On the ground these differences are manifoldly apparent.

Tbh this is exactly the same trick they pull with the word 'state' and many others. Up front it just means 'workers organised in councils during a revolution', but then it actually turns out to mean something like the USSR up to whatever date that particular sect jumps ship (long after the councils where repressed).

I suppose this kind of sophistry is in-built to politics based on bourgeois notions of politics (hierarchical parties, consciousness as a thing possessed by leaders etc).

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Aug 19 2011 21:47

Vanguard sounds so fishy. Maybe if they changed the term to, well, "elite group of people controlling the means of production and thus society itself in much of the same ways capitalists now control it" I may sign up smile

There would need be a second revolution to oust the party. I don't think the state would just wither away. People like to control other people....people get a taste of power and they don't want to let go. It's really given communism a bad name. I would purge the poster above me if I were heading the party....maybe kill some kittens? No one could stop me.

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Aug 19 2011 22:03
ultraviolet wrote:
Might there be other realms, besides the militias, where it might be a good idea to have elected recallable decision makers?

Absolutely. For two main reasons. One, in a large organisation there are simply to many decisions to be made too often to allow for full participation. In this case the mandate given should be a set of parameters, principles and aims which the mandated individuals try to implement as best they can, which will involve decision making, of course. If they are judged not to be carrying out their mandate in good faith or just less competently than is acceptable, they get recalled. The difference between this and a centralist conception is that the mandated person is still acting within a specific framework for the tasks they are charged with and not making decisions as an individual based on what they think is best for the organisation. It also sets up a different dynamic. Mandates are given to perform tasks the membership decides are worth performing. In centralism, the kind of tasks that get performed are dictated more by the nature of the roles that exist. Obviously this is a bit of a caricature, but I think it describes an important tendency.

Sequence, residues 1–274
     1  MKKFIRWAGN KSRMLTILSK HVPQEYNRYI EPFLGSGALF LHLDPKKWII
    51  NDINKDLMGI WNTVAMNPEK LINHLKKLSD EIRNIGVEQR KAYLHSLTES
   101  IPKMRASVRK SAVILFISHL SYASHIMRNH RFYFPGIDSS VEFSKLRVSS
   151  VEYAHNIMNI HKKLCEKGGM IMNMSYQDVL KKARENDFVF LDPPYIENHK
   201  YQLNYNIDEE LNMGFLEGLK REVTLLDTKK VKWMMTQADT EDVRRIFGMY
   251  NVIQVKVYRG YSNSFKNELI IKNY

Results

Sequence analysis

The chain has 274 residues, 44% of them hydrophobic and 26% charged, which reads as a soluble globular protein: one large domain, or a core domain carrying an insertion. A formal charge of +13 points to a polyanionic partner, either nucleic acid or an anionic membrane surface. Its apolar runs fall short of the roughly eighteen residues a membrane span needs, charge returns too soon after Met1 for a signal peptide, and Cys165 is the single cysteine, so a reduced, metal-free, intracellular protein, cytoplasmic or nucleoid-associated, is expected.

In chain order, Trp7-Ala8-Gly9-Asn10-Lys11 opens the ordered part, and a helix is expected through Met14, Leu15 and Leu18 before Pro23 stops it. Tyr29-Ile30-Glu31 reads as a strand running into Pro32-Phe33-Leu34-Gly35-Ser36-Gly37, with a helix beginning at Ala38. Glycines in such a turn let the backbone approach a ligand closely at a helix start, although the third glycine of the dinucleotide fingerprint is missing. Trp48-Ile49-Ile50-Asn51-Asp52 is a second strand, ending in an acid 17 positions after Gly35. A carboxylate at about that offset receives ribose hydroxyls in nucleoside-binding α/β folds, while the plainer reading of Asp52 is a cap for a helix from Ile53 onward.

The second reason is that you don't want a whole organisation knowing about the plans that are being made. That may be due to there being a war on as in your Spanish Revolution example, but even in the day to day running of quite mundane groups this can be important. For instance the UK IWW has a several mechanisms for co-ordinating industrial action and so on secretly because obviously if plans get out to employers, that's going to be a big problem. But after the event you can see what people have done, whether they've acted in accord with what they were supposed to do and so on, in the same way a sub-committee mandated to carry out a non-secret task reports back on their activities.

But more broadly speaking, any sub-group given specific responsibilities is going to be making decisions, from the editorial board of a publication to the committee charged with organising the next delegate council. This is not a problem so long as instructions flow primarily from the membership to the people carrying out the task, rather than from individuals to the membership, if you see what I mean.

Quote:
RedEd wrote:
You friend uses the word delegate when he should say representative. What he wants is someone to go and make decisions for the other people, and if they don't like how the representative is making decisions for them, they can pick a new one. Good bourgeois democratic principles in other words. A delegate should be carrying out a mandate they have been given by the people who delegated them. In other words, they don't act as they think best until they are recalled, they act as they are told and get recalled if they don't.